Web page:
I also feel that as a person, you are MADE up of SO much more… if sexuality is such a large part of you, what significance is the other parts then? And also, this seems to imply that being gay = your identity (when truly, your identity emcompasses so much more). Yes its true that being gay makes us different. But how MUCH difference is that? Only the gender you prefer in love right? We are just as diverse as everyone else. For example, some people like ice cream, some don’t. Some people are fat, others aren’t. Similarly, we (lesbians) like girls while the straight girls like men! If we really want to ‘normalise’ and claim that homosexuality is part of our nature, then in a way, we should treat it just like our preference for ice cream or body shape.

I made the mistake once of making my sexuality a BIG part of my identity and put it above other things; that i start to see myself … stop growing in other areas. Plus, i discovered that it wasn’t just me who saw it, a few of my other straight friends could see it within me too. And the pitfall i was in.

By this i don’t mean that we shouldn’t engage in activism. Or wear a pride badge. Don’t get me wrong, I AM proud of my sexuality. But what i mean is that there is so much more out there… and being gay is really, only a small part of life.
# pleinelunee 2010-02-02 03:12

pleinelune said,

May 29, 2006 at 1:29 am

Well it is not the focus, of course, and I implied nothing of the sort. I do believe the POV you just expressed merits an article of its own, lublub, and shouldn’t be left as a comment alone. :)
# y 2010-02-02 03:12

y said,

May 29, 2006 at 3:01 am

As someone relatively “invisible”, I’ve heard so many straight friends apply stereotypes when talking about gay men and women. I really believe that this is largely due to under/mis-representation in the media. If shows like The L Word were to be broadcast on TV (huge huge “IF”, I know), people might be able to associate the word ‘lesbian’ with so much more than masculinity. And there is, of course, that whole argument about lesbian/bisexual women being portrayed as murderers or psychopaths (think Basic Instinct), or as women who have dalliances with women but eventually need a man (think the O.C.).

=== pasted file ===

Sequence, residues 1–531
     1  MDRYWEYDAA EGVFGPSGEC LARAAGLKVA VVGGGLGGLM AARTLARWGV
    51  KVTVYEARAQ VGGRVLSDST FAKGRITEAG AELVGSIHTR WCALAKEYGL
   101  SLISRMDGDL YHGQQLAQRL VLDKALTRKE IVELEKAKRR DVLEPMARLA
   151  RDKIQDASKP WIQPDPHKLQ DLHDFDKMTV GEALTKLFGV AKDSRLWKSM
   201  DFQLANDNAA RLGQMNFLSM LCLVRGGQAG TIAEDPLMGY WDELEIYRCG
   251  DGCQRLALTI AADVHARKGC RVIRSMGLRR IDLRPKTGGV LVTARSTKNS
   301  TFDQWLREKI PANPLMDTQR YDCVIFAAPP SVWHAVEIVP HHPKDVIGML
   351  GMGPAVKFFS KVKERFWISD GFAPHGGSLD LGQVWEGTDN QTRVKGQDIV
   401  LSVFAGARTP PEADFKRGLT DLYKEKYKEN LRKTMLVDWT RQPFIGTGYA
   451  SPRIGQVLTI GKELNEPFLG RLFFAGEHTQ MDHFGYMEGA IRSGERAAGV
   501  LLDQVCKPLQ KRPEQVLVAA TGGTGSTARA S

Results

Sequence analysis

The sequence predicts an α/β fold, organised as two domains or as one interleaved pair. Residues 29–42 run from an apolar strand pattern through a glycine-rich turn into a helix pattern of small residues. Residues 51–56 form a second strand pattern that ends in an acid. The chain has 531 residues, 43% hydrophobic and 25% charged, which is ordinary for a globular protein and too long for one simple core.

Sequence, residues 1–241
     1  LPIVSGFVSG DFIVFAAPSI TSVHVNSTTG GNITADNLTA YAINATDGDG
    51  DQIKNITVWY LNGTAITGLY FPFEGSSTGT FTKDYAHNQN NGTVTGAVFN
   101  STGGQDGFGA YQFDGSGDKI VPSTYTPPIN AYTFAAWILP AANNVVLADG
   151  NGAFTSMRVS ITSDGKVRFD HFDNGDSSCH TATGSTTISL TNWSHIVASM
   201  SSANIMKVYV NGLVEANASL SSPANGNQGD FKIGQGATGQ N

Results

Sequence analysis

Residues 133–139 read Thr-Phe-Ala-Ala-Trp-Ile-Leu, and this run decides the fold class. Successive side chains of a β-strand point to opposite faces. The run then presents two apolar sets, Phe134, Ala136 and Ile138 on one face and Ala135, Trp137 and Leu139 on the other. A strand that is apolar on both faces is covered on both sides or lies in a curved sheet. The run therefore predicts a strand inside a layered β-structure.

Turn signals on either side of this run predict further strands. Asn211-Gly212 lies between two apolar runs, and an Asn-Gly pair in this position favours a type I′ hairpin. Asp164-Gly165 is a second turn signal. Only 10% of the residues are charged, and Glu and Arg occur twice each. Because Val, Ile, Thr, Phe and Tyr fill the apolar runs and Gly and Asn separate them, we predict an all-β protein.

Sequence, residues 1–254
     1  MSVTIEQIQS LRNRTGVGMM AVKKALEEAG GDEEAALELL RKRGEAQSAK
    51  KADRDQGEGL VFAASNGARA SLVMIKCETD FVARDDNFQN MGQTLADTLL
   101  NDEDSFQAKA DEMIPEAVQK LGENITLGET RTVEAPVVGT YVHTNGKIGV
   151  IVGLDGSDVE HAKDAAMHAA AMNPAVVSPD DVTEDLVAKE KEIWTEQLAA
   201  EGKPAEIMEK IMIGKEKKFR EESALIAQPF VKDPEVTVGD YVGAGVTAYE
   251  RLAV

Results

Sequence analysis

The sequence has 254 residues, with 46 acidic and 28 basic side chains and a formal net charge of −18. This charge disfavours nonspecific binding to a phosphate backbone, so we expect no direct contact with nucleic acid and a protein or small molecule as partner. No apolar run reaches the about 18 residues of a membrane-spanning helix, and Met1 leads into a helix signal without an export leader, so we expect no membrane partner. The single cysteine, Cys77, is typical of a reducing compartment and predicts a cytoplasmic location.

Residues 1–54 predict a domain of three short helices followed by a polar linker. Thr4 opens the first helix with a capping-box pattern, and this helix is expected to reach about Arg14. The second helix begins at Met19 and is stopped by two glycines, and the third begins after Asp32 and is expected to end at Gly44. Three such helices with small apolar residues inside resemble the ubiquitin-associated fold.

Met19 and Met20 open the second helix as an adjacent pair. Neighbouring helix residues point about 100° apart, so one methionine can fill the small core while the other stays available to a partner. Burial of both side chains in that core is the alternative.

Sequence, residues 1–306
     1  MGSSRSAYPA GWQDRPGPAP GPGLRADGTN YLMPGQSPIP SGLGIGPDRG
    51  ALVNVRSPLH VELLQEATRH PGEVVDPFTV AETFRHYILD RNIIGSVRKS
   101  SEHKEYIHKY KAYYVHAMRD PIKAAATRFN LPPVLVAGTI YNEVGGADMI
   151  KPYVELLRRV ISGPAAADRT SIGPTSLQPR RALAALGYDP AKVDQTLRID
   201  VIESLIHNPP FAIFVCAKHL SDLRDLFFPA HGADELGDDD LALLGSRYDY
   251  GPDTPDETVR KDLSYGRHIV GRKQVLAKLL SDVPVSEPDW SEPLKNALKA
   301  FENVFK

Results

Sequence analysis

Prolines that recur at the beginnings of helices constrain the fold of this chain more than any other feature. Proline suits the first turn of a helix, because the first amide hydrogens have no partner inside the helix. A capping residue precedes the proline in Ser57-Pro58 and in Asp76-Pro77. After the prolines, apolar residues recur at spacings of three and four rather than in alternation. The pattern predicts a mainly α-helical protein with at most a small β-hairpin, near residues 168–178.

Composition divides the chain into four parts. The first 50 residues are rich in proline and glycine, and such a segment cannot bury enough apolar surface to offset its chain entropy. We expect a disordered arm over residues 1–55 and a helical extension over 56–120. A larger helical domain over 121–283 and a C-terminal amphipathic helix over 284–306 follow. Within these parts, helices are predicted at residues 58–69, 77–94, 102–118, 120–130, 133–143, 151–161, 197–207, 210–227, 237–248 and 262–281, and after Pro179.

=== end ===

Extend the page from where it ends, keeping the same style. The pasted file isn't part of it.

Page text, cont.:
Some might say that the poor portrayal of lesbian/bisexual women is incidental and sporadic, or that straight people are portrayed negatively in the media too. But with so few lesbian/bisexual women being represented on TV or in movies, these negative portrayals take up a pretty large percentage. Moreover, we need positive portrayals to open minds, if not just to undo all the damage that has already been done by the media and perpetuated by society at large.
# jjade 2010-02-02 03:12

jade said,

May 29, 2006 at 11:39 am

Speaking of which, check out commercial closet. don’t know if the tags work here, i hope it does.